For me the Kindle decision has always been one of practicality versus nostalgia, of abandoning the way I grew up reading in favor of the way I will almost certainly grow old reading, and of eliminating one of the very few elements of my life that doesn’t already involve a screen. After 10 hours with a computer and four hours with a TV, reading is for me a blessed interruption of the daily beeps and boops, a click-free utopia, where concentration is necessary and I can’t lose an hour jumping from link to link until I know everything there is to know about ancient Egypt, or obscure diseases, or dreadnought battleships. Reading print books is one of the very few times I’m still required to focus.

But even a cat-lady Luddite can’t resist the inevitable, especially when the inevitable is about to cost less than my monthly cable bill. So what’s a girl to do? The principled old windbag in me wants to stick to my guns (which are surprisingly flabby considering the gigantic novels I lug around.) The practical grown-up in me knows it’s time to make the change, and the purist in me is put off by the most logical solution: a hybrid approach. (How would I decide which books to read in which way? By genre? Length? Subject matter? Would I restrict to Kindle books whose covers I would prefer other people not see—I’m looking at you, Twilight—or simply quit print cold turkey, thereby freezing my physical book collection in the year 2011. What happens to lending books? Giving them as gifts? What about taking them to the beach (where, after a traumatic digital camera experience, I refuse to bring gadgets), reading them during takeoff or accidentally leaving them in the area of my apartment affected by a sporadically active leak?) Moreover, it’s not like we ever carried around an iPod and a Discman, right? One day we were toting gigantic fabric binders of discs and the next we had our entire music library in our pocket.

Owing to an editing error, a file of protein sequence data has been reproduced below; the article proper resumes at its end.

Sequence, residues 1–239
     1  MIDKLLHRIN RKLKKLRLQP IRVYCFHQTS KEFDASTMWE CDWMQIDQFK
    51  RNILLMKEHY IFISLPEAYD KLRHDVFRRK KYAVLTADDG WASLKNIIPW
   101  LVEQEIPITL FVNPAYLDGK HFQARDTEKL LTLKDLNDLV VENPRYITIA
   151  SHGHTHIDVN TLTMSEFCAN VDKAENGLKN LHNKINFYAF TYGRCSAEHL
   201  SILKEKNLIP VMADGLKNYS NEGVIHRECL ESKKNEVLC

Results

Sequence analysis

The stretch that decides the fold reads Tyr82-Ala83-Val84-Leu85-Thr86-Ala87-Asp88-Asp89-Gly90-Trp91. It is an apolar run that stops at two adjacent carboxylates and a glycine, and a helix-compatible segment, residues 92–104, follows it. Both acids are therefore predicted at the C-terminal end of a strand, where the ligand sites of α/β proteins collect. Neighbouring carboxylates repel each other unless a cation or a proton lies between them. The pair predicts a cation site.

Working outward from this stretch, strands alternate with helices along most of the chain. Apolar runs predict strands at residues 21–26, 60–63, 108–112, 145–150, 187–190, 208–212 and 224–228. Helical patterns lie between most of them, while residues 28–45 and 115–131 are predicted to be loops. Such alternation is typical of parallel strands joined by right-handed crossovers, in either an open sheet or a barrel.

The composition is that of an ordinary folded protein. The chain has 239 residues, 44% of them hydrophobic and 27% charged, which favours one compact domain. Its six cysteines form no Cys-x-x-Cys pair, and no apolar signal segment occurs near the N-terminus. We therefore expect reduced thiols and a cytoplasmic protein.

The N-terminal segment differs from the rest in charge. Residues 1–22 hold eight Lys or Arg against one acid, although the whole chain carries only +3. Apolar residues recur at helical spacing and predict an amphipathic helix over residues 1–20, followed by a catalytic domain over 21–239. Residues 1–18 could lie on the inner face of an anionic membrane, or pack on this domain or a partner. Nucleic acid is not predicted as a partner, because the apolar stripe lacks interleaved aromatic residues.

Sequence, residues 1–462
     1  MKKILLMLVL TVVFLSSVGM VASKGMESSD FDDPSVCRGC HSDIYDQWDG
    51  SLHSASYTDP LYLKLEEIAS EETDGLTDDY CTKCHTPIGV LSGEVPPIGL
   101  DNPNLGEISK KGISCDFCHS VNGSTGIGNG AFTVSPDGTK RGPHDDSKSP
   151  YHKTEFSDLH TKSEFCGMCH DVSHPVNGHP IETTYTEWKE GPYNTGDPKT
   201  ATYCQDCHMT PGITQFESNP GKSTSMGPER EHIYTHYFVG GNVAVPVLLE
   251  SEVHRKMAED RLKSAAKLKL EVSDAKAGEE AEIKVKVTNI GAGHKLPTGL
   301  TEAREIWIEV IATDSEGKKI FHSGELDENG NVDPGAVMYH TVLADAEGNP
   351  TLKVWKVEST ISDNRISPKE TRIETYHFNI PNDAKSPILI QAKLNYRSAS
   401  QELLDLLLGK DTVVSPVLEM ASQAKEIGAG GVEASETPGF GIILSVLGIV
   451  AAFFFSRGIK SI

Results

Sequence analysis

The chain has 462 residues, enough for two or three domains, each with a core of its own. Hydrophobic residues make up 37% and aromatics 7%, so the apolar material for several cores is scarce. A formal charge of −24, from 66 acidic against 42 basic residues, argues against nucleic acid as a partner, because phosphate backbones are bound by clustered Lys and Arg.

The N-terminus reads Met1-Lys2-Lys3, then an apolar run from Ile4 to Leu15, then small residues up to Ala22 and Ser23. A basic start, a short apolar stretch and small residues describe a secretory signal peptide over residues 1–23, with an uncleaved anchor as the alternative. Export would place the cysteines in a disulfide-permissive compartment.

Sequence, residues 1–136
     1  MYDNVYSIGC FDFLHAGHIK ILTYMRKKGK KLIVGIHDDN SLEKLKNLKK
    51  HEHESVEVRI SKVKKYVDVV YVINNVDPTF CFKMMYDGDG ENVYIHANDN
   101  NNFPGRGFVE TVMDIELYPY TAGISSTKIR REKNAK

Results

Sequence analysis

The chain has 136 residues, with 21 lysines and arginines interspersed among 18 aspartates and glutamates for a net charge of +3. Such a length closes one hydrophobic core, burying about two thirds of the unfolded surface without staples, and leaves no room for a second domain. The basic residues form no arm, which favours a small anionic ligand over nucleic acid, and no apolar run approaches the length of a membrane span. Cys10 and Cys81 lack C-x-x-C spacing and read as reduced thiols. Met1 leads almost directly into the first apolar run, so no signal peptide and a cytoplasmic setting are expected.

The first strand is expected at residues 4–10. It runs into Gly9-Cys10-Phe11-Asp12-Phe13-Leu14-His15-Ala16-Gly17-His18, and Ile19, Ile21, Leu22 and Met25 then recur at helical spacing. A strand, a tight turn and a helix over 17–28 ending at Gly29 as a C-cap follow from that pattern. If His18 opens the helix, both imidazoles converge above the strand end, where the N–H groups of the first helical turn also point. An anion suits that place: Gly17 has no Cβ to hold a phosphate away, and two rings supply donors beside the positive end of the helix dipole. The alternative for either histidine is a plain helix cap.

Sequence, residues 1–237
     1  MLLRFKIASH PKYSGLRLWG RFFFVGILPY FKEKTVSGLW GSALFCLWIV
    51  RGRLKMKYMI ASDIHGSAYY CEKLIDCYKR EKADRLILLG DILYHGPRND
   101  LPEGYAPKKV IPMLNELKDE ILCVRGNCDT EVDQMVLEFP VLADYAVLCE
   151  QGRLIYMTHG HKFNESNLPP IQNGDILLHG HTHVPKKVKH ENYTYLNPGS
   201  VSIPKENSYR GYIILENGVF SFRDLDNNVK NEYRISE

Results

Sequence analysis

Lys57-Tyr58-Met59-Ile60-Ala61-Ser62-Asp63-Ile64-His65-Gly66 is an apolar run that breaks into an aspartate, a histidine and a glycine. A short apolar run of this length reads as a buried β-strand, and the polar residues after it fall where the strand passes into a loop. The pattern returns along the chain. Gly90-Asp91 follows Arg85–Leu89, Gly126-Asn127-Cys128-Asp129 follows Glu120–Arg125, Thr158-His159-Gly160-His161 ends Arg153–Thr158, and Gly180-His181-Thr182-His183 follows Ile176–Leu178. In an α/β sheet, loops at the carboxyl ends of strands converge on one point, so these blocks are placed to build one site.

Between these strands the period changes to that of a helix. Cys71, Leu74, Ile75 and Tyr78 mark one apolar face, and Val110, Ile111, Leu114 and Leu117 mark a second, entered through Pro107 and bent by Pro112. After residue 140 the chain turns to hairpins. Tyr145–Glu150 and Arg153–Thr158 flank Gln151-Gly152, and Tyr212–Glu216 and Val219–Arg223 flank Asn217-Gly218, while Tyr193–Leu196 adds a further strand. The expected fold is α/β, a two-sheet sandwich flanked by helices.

Nor will technology ever really make the decision for me. My grandfather literally just got a DVD player and I have a friend who still doesn’t use iTunes (seriously). No, the shitty part is that I will have to choose: between my early-adopter technology-loving 20-something self, and…my bowl-cut-having, glasses-wearing, R.L. Stine-loving 10-year-old self; the one who still dog-ears the bottoms of pages, can never buy the first copy on the shelf and doesn’t think it’s even slightly weird to carry around a backup book …you know, just in case.

I know that for many people, these things aren’t mutually exclusive—with Kindle, I could carry around 9,999 backup books—but for me, they are. Books are my last stand: I’ll replace my perfectly functional television with a flat-screen for no reason, probably upgrade to an iPhone 5 for no reason and in all likelihood join yet another social network for no reason, but, by fuck, I will sit down on the train tonight, haul out my tattered, tape-reinforced paperback and for a blessed 35 minutes I will not push a button or open a window or respond to a message or look up a fact. Better yet, I won’t be able to.